My dear Brother                                                          Menokin[1] July 2d 1773


      By a Glasgow Ship, I wrote you, that Mr. M. Smith intended to ship 80 hhd. tobo. in Rayson to answer the bills he had drawn on you, but that he cou’d not take them in; we have try’d since, tho in vain to charter you have lost near 300 hhd. for want of ship room; As there will be a great deal of tobo. left in the Country, & the present crop is very forward & promising, I think you shou’d have a ship as early as possible in the fall in the country. I am afraid Hipkins will be tardy in making his remittances, I have pressed him often & warmly, he has promised me to remit you by the first opportunity £90 which he had in hand, and £100 for which he expected an order from Col. Taylor, besides 100 hhd. tob. which he is hawking about for sale the produce of which he assures me will be remitted to you. You may depend I will be as bad as a third day ague & fever to him untill he complys. John Gordon says he does not know What he owes you, as you have not send him sales nor Account currt.; every body is so ready at evading demand, that it is impossible to collect debts without having an exact state of their rects. which you shoud allways send me, at least of those whome you intend I should push for payment. I wrote you by the Justitia[2] Capt Gray, but he is not yet sail’d. Yet doubt will not before Rayson. When she does, John Corrie is to dray for his ball.; on Campbell Capt. Rayson just left me, his last craft is now taking her load from the lower parts of this River, he is all ready & will sail as soon as this Craft gets round, he has been much troubled with the craftsmen; indeed they are grown so bad, that it requires a person much better acquainted with this business & much cleverer than Rayson to manage them, we are endeavouring to form some regulations for these Gentry agst. the next meeting of the Assembly; the trade suffers so much but their negligence & villainy that every body is convinced of the necessity of taking them under consideration my 22 hhd. are on board, you will insure so as to recover £6 in case of loss. I hope if we shd. have a war it will not raise insurance much, as our opponents are not very powerfull at sea. Mrs. Lee intended to have sent her Sister some hams by Dobbie, but the Capt. assured me it was impossible to keep them in a summer passage, so we have defer’d it till the fall, & shall be glad to have a conveyance in a ship of your own. I am afraid I am so far behind with you, that my tobo. will not pay the ball: & answer the Good to be sent for by Rayson but you may depend I will remit you in bills next summer, before the tradesmen will be clamorous for their money.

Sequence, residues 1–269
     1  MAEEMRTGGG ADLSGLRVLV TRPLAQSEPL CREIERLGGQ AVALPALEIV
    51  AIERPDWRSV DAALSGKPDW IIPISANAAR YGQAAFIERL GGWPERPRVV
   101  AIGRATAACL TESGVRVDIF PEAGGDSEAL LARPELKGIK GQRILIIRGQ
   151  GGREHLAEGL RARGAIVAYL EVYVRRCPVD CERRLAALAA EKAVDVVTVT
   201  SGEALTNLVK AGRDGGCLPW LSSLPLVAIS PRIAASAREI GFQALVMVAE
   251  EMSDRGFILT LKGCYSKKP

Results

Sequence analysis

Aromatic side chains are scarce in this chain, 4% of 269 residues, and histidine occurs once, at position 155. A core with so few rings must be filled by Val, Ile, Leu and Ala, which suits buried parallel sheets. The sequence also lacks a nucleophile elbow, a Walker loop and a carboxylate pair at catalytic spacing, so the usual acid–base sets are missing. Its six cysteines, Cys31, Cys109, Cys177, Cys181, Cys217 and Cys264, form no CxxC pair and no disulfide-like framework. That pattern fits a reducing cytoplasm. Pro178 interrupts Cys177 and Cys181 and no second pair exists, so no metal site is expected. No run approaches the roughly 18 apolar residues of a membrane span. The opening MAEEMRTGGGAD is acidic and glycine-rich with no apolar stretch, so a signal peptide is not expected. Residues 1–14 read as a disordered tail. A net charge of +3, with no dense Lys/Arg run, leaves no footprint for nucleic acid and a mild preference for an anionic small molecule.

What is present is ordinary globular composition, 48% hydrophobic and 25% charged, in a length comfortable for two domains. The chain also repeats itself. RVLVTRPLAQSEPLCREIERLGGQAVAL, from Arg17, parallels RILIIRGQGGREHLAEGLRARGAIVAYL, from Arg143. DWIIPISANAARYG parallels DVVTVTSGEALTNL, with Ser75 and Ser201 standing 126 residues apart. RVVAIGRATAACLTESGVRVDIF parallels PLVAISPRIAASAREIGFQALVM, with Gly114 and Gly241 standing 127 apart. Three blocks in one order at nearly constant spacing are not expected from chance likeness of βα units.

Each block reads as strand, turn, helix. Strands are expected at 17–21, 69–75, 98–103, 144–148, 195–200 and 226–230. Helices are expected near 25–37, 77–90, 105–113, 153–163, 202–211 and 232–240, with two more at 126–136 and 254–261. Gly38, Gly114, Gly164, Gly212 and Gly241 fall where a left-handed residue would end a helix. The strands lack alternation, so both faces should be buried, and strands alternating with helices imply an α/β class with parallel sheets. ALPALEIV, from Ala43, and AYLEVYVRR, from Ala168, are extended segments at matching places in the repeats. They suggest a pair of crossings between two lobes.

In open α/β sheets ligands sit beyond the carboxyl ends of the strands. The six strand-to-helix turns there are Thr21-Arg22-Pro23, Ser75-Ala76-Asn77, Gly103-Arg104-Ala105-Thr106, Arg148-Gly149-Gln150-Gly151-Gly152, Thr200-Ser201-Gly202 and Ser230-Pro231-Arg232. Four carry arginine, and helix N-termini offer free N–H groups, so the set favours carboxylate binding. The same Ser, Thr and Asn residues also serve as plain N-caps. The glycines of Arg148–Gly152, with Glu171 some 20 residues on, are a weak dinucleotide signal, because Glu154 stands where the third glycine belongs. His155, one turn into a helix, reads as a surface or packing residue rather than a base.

As I shall shortly write again I must now take my leave, please to give our hearty love to our dear Sister & Brother Lawyer, & believe me ever your sincerely afft. friend & Bror.,

                                       Francis Lightfoot Lee

To William Lee, Esquire



Source: The Archives of the Robert E. Lee Memorial Foundation, Papers of the Lee Family, M2009.045, Jessie Ball duPont Library, Stratford Hall



Transcribed by Colin Woodward, 2016 March 10

[1] Lee’s plantation near Warsaw, Virginia.

[2] “Justitia” was a French war ship that was called “Success” and renamed in 1764. It was built in Genoa and captured by the British during the Seven Years War. Captain Finlay Gray commanded the ship after the death of the vessel’s captain Colin Somerville. The ship made trips to Virginia every two years and would dock at Leedstown in Westmoreland County. The ship later became a prison hulk on the Thames in London. The ship was destroyed and sunk in 1847.